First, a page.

Cleopatra's Barge and Circus Parade, Fairhaven Washington 1891

We couldn’t resist another circus-themed blog post! We invite you to run away and join the circus with us one more time…

One of our favorite of the famous Fairhaven “historic markers” along Harris Avenue is the one near the west end of the Padden Creek Lagoon that reads “Cleopatra’s Barge, Lions and Camels Paraded Here 1891.” 

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The Fairhaven historic markers that line Harris Avenue and vicinity in Bellingham’s quaint south-side shopping district were installed by local Fairhavenites and history buffs Ty and Penny Tillson in the late 1980s and 1990s. Many are factoids gleaned from Fairhaven newspapers in the 1890s through the early 1900s. The markers give only a brief tantalizing tidbit, and we are excited to share more of the story behind the plaques with you!

This marker references the spectacle of the circus parade when Adam Forepaugh's 'Oldest Largest, Richest Exhibition in the World' came to Fairhaven #onthisday September 9, 1891, and thousands of visitors flowed into town on steamers and trains to watch the three-ring circus, probably the most exciting event of the year for many folks in the vicinity of Bellingham Bay.

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The Fairhaven Times wrote about the occasion in detail:

“Five large locomotives of the Seattle, Lake Shore and Eastern pulled up the fifty one long cars, made up in four trains, from Seattle.  The first train arrived at 7:30 in the morning and the others pulling in at intervals during the next hour and a half.

The great caravan was unloaded at Happy Valley, and the army of men immediately began the work of raising the great waterproof tents, and putting the show in order.  They worked like an army of ants, and with military precision. A large crowd of spectators assembled to see the unloading, and watch the huge pavilions arising like magic.  

The crowd began to assemble on the streets at an early hour and continued to grow until after the street parade.  The Nooksack valley turned out en masse to see the show.  Excursions from Blaine and Sedro were run on the railroad, and brought in large crowds from the north and south, and the Dispatch came in from the islands with a load. 

A stray fakir would occasionally be seen planting himself on some crowded corner, and spreading his shell game or ‘sure thing’ to fleece the crowd.  They were all promptly admonished to move on by Marshal Parker.

Owing to the long run from Seattle and the late arrival of the trains, the show was not in order for parade until 12 o’clock.  The business streets of the city were then thronged with the expectant crowd, and a stream of people reaching from town over into Happy Valley, indicated the way to the circus.

The parade moved from the circus grounds into town on Donovan Avenue, which looked like a river of circus glory.  Three bands, a fife and drum corps, a float representing Cleopatra’s golden barge, gaudy chariots, cavalcades, as team calliope, a wild west troupe, herds of horses, elephants and camels, allegorical tableaux cars were the features of the pageant.  Crossing over to Harris Avenue it passed through the business portion of the city and out to the grounds, and as the last wagon passed the crowd made a dash for the grounds. “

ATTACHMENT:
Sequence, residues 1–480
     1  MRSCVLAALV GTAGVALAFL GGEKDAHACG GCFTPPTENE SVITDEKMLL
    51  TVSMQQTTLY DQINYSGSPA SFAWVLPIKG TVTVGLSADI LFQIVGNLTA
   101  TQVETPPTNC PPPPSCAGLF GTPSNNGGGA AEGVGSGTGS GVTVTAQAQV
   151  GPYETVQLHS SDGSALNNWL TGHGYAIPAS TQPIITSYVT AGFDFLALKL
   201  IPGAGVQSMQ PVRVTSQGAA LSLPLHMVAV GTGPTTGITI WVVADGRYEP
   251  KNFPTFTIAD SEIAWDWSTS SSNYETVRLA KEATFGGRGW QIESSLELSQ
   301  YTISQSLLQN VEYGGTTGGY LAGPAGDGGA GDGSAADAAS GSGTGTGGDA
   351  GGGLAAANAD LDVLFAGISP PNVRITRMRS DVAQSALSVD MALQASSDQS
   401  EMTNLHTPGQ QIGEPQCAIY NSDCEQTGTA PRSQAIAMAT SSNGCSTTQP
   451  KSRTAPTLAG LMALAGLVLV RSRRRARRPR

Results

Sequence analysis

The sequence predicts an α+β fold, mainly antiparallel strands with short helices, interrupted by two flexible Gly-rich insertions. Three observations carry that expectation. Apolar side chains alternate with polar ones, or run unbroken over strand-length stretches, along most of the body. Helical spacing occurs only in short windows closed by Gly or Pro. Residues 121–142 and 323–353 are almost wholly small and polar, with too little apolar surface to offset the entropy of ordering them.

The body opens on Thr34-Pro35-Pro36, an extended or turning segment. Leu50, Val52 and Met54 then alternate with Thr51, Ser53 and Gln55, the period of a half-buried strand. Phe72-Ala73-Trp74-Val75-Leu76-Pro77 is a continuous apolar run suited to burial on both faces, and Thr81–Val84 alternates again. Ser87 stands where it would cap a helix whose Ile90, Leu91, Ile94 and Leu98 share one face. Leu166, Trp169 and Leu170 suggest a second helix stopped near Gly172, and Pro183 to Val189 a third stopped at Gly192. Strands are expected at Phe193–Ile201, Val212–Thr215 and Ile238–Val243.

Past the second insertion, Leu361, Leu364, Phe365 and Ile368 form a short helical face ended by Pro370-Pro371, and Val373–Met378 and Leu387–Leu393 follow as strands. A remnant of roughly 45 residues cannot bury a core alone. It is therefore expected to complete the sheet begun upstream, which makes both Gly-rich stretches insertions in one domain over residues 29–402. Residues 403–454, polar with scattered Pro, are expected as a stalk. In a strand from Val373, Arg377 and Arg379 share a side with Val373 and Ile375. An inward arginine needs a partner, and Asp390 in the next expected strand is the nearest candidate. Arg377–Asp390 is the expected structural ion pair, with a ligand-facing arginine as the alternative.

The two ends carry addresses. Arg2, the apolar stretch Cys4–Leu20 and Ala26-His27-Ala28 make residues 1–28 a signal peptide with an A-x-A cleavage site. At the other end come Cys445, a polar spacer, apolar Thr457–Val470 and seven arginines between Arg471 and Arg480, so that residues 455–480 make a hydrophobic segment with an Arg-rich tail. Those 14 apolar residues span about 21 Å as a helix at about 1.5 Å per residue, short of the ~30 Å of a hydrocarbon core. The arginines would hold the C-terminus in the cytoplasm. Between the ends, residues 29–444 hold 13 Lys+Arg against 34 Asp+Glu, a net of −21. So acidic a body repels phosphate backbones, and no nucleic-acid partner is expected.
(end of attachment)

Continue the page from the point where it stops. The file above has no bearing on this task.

Cleopatra’s barge as depicted in a Forepaugh Circus poster

Cleopatra’s barge as depicted in a Forepaugh Circus poster

The parade apparently happened just in time, and thank goodness the circus tents were waterproof…

“It began to rain shortly before the hour for the afternoon performance, and continued to pour down in torrents all the afternoon.  This doubtless kept many away, but the huge canvas was well filled.

The menagerie was not an infinite collection, but the animals had been carefully selected and were fine specimens.  The circus performance was first class.  For two hours acrobats, jugglers, equestrians, trained horses, lions and elephants, cowboys, Indians and tumblers, bicyclers and roller-skaters simultaneously in two rings and a platform, moved in a rapidly changing kaleidoscope before the spectators.

The Wild West show, the lions managed by Colonel Daniel Boone and Miss Carlotta, the trained horses and elephants managed by Adam Forepaugh Jr., the Japanese troupe, the lady wire walker and the racing were all excellent.  And the Hanlon Volters were wonderful.  It was at times difficult to keep track of the three performances in progress simultaneously.  The crowd was well pleased with the programme and its execution.”

Colonel E. Daniel Boone and Miss Carlota performed with their trained lions and dogs.

Colonel E. Daniel Boone and Miss Carlota performed with their trained lions and dogs.

It’s easy to romanticize the old time circus, but we do feel some elements are best left in the dust of time, such as abusive animal menageries and exploitative freak shows… Yet there is something so appealing in our current culture of over-saturated spectacle to imagine a time before and what it must have been like when the circus came to town. It is hard to imagine anything today that could perhaps compare..

Alas the saying goes:

“time is a circus, always packing up and moving away…”

Gallery of related images of Forepaugh’s circus wagons and parades (not from Fairhaven).

#vintagecircus #forepaughcircus #circushistory #threeringcircus #fairhavenwa #localhistory #bellinghamwa #lifeisacircus #comeonecomeall #4pawscircus #pnwhistory #runawaywiththecircus